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The evaluation of a patient with cognitive impairment or dementia is part of many neurologists' daily practice. Once it has been established that a patient has mild cognitive impairment (MCI) or dementia, our job is to determine the etiology. Why is this important? Although specific pharmacologic treatment options are still limited at present for most dementias, there are a growing number of clinical trials in which patients may participate. Furthermore, it is imperative for the neurologist to guide a comprehensive approach to the treatment of cognitive impairment and dementia including management of behavioral symptoms, programs and strategies to optimize functional independence, caregiver education and support, and assistance with prognostication, planning, and connection with specific resources to assist with these issues.
In 2011, new diagnostic criteria were published for Alzheimer disease (AD),1 behavioral variant frontotemporal dementia (FTD),2 and primary progressive aphasia,3 and a new consensus statement was published on vascular cognitive impairment.4 All of these criteria emphasize the value of structural and functional/molecular neuroimaging (including fluorodeoxyglucose PET [FDG-PET]), as well as CSF markers, in increasing diagnostic confidence or specificity. Although these criteria were in large part aimed at the clinical research communities studying these diseases, they also serve as guidance for practicing clinicians. These reports emphasize elements that can be summarized as the practitioner's 2 major goals: 1) start by establishing a diagnostic hypothesis based on a careful clinical evaluation emphasizing history and examination (including office-based cognitive testing that may be supplemented with formal neuropsychological testing); 2) perform diagnostic testing judiciously to test this hypothesis.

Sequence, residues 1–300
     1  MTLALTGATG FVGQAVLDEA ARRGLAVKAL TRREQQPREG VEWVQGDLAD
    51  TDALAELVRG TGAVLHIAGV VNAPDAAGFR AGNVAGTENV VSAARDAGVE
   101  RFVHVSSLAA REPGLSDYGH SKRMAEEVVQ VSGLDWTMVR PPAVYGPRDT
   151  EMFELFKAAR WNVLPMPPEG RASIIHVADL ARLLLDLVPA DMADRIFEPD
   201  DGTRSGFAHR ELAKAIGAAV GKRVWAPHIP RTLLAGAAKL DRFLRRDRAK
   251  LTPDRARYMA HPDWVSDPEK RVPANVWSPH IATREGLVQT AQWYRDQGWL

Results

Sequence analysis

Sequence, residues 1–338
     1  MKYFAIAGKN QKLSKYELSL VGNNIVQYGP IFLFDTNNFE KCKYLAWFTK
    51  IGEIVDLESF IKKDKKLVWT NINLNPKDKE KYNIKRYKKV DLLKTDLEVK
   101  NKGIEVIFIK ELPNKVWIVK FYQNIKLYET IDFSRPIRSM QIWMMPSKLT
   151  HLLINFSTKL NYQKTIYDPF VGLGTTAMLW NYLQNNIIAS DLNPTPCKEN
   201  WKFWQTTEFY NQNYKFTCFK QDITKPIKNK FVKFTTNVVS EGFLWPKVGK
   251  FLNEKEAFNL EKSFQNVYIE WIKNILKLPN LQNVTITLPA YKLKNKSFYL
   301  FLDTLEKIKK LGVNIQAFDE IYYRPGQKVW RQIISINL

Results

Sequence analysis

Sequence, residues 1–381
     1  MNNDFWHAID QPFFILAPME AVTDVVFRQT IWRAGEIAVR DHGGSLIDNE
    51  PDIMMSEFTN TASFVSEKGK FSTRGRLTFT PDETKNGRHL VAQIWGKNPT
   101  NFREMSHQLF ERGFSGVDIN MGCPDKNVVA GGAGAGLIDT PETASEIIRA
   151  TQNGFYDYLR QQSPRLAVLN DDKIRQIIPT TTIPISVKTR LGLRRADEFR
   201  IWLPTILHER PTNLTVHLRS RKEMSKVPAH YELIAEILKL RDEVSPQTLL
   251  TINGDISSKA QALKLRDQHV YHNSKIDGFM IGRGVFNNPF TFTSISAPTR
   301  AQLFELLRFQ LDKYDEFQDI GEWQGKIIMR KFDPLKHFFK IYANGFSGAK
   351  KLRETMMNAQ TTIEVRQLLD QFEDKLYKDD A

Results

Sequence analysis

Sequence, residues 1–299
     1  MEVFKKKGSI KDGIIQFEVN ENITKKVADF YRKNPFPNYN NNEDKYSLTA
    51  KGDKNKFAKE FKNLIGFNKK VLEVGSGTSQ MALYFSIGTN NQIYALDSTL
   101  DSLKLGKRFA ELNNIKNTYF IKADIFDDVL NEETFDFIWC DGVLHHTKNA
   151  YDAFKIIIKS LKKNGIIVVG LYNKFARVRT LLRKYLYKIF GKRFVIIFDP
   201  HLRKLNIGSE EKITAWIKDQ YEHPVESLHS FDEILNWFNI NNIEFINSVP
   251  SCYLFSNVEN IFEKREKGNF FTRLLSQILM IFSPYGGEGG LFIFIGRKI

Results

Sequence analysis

In 2004, the US Centers for Medicare and Medicaid Services approved reimbursement of FDG-PET for the purposes of differential diagnosis of AD vs FTD.
For most clinicians, the first diagnostic test in a patient with cognitive impairment is a brain MRI. In many patients with a presentation that is prototypical for a specific neurodegenerative disease, this test and a few other tests (e.g., vitamin B12, thyroid testing) may be all that is required to establish a confident diagnosis. For example, multiple studies have shown that the original 1984 diagnostic criteria for AD, which advocate essentially this approach, demonstrate a sensitivity and specificity of approximately 81% and 70%, respectively.5
Yet there are many patients in whom the diagnosis is still uncertain after this information has been obtained. The clinician faced with this situation should strongly consider using additional relatively new diagnostic testing to further evaluate the patient: molecular neuroimaging with FDG-PET or a spinal fluid examination for amyloid-β and tau proteins. For example, a patient presenting in her 50s or 60s with a syndrome of executive or language impairment and a relatively unrevealing MRI scan can be challenging to confidently diagnose (figure). In such patients, I find FDG-PET to be an extremely valuable next step in the diagnostic evaluation, since it is minimally invasive and may provide a clear indication of whether the patient has a hypometabolic pattern consistent with atypical AD as opposed to a pattern supportive of FTD or another neurodegenerative disease. Although quantitative MRI and spinal fluid studies are worth considering as well, I will focus the remainder of this brief discussion on FDG-PET.